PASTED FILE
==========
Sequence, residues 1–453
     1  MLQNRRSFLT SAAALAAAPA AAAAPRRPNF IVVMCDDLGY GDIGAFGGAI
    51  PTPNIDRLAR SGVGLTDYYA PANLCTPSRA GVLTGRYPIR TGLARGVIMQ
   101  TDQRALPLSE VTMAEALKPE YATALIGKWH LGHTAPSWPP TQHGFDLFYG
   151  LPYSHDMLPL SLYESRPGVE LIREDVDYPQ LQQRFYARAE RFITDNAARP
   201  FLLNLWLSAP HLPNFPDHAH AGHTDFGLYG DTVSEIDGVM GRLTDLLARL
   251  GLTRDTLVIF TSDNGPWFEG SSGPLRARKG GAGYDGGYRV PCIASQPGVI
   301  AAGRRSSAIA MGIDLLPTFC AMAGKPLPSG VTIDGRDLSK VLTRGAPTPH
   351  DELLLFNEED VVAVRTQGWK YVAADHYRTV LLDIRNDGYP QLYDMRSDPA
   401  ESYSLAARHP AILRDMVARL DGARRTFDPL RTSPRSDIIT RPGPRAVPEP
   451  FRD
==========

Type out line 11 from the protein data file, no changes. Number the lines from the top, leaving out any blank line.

   451  FRD